SFI Seminar: ‘Equation-Free/Variable-Free Computation For Complex/Multiscale Systems’

Yannis Kevrekidis

SFI News:

Santa Fe Institute will present a seminar by Yannis Kevrekidis of Princeton University titled “Equation-Free/Variable-Free Computation for Complex/Multiscale Systems” at 12:15 p.m., Jan. 27 in the Collins Conference Room at SFI, 1399 Hyde Park Road in Santa Fe.

Abstract. In current modeling practice for complex systems (including agent-based models and evolving networks) the best available descriptions of a system often come at a fine level (atomistic, stochastic, microscopic, individual-based) while the questions asked and the tasks required by the modeler (prediction, parametric analysis, optimization and control) are at much coarser, averaged, macroscopic level.

Traditional modeling approaches start by first deriving macroscopic evolution equations from the microscopic models, and then bringing our arsenal of mathematical and algorithmic tools to bear on these macroscopic descriptions.  For several years now, and with several collaborators, we have developed and validated a mathematically inspired, computational enabling technology that allows the modeler to perform macroscopic tasks acting on the microscopic models directly.  We call this the “equation-free” approach, since it circumvents the step of obtaining accurate macroscopic descriptions.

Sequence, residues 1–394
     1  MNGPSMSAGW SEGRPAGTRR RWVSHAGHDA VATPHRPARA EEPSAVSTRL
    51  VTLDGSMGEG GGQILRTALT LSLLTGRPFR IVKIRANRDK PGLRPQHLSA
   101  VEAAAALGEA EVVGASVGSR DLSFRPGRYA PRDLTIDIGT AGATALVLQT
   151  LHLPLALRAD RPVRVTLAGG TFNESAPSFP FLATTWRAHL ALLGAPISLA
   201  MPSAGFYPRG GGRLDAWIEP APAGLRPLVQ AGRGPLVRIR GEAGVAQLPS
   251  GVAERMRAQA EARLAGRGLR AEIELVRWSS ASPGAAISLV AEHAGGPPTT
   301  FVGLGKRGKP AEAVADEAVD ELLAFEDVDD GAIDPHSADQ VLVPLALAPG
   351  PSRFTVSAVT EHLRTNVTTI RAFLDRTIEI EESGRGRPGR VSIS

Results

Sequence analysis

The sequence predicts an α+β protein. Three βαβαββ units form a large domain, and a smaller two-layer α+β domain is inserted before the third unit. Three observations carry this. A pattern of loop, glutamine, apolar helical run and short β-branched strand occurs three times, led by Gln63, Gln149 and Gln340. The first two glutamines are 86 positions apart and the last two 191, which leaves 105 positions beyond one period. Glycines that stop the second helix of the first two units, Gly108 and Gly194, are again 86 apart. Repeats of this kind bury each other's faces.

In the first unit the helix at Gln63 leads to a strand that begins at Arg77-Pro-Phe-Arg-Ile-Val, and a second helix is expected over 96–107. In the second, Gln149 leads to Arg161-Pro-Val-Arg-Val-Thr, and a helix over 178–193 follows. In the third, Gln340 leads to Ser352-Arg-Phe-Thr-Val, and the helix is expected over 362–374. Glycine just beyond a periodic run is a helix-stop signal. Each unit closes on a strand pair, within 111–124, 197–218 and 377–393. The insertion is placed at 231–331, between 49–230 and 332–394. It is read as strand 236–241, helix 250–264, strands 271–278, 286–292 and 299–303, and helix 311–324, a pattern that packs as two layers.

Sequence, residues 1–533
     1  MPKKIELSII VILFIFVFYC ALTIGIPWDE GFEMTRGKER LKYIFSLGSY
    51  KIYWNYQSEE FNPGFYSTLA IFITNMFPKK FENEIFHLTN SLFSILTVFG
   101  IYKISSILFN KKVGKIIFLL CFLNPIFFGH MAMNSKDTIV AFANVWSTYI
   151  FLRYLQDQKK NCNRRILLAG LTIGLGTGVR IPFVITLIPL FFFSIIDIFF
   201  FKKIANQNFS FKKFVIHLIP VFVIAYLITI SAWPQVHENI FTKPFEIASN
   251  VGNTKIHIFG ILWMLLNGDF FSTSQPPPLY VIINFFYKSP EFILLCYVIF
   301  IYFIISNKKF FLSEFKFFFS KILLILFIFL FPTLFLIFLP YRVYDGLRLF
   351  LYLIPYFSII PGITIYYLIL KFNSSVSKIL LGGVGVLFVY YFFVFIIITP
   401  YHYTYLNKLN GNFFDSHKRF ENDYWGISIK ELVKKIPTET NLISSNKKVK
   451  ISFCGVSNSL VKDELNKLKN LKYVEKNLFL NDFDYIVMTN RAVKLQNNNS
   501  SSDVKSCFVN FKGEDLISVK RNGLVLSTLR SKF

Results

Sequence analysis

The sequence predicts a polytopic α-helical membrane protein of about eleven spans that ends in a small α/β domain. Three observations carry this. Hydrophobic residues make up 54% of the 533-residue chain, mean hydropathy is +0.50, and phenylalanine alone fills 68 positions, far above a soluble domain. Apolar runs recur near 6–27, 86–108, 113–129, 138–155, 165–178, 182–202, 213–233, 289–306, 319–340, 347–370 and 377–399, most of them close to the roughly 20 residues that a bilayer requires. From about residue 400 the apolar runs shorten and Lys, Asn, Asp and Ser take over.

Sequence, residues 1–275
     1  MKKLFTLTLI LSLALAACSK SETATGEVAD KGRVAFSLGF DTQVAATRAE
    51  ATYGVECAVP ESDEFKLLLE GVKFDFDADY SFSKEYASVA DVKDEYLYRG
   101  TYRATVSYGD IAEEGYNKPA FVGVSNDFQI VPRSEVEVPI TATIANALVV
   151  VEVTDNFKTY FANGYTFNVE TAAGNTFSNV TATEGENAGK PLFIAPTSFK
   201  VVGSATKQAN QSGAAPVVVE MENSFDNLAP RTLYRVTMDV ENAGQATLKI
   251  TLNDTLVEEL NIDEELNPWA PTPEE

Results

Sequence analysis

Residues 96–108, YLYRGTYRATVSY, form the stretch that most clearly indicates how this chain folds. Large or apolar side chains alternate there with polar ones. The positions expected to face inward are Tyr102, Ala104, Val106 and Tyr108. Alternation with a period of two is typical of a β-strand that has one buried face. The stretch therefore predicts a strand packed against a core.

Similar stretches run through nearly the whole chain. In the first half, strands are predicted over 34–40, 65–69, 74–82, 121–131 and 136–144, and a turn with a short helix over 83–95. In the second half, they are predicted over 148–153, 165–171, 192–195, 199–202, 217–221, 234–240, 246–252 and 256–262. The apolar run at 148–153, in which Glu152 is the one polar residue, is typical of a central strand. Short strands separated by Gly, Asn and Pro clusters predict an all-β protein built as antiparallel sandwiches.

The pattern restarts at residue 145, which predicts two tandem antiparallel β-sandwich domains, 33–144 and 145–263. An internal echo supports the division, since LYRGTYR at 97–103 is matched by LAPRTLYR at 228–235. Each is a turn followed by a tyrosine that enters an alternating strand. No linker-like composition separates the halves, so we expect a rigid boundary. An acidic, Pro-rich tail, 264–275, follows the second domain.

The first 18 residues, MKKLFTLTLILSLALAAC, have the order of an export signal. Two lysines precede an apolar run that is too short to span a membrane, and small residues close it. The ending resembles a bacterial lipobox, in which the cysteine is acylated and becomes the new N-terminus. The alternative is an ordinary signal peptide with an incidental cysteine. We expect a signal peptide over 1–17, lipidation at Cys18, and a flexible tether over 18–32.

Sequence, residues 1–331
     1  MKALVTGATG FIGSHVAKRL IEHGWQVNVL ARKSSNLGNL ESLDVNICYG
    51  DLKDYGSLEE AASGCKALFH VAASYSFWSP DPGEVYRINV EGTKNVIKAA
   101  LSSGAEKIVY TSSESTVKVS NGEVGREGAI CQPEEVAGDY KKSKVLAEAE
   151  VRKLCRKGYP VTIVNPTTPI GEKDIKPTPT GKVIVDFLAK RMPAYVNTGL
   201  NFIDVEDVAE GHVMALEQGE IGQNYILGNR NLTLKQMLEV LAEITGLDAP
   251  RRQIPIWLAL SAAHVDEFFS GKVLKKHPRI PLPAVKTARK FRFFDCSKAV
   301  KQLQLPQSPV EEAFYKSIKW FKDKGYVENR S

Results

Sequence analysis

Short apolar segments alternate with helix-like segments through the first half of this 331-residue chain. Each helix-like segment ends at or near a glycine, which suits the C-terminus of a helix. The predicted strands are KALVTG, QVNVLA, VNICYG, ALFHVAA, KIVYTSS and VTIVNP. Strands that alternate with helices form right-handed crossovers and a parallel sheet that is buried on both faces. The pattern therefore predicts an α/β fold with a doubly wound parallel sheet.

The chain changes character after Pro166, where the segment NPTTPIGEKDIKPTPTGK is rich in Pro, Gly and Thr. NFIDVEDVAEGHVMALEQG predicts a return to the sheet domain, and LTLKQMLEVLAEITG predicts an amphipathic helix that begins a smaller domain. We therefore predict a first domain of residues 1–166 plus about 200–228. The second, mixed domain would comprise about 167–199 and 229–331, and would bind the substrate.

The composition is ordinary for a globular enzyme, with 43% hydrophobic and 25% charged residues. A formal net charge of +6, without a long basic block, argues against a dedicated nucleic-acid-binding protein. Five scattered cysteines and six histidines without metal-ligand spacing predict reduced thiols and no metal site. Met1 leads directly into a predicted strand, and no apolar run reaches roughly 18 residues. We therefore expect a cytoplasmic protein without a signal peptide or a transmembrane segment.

Ultimately, what makes it all possible is the ability to initialize computational experiments at will.  Short bursts of appropriately initialized computational experimentation — through matrix-free numerical analysis and systems theory tools like variance reduction and estimation — bridge microscopic simulation with macroscopic modeling.

I will discuss the approach and illustrate it through several applications in science and engineering; I will also discuss how to link the approach with recent developments in machine learning/data mining algorithms exploring large complex data sets to find good “reduction coordinates.”

In a sense, the approach could be thought of as a data-based calculus for the modeling of complex systems.


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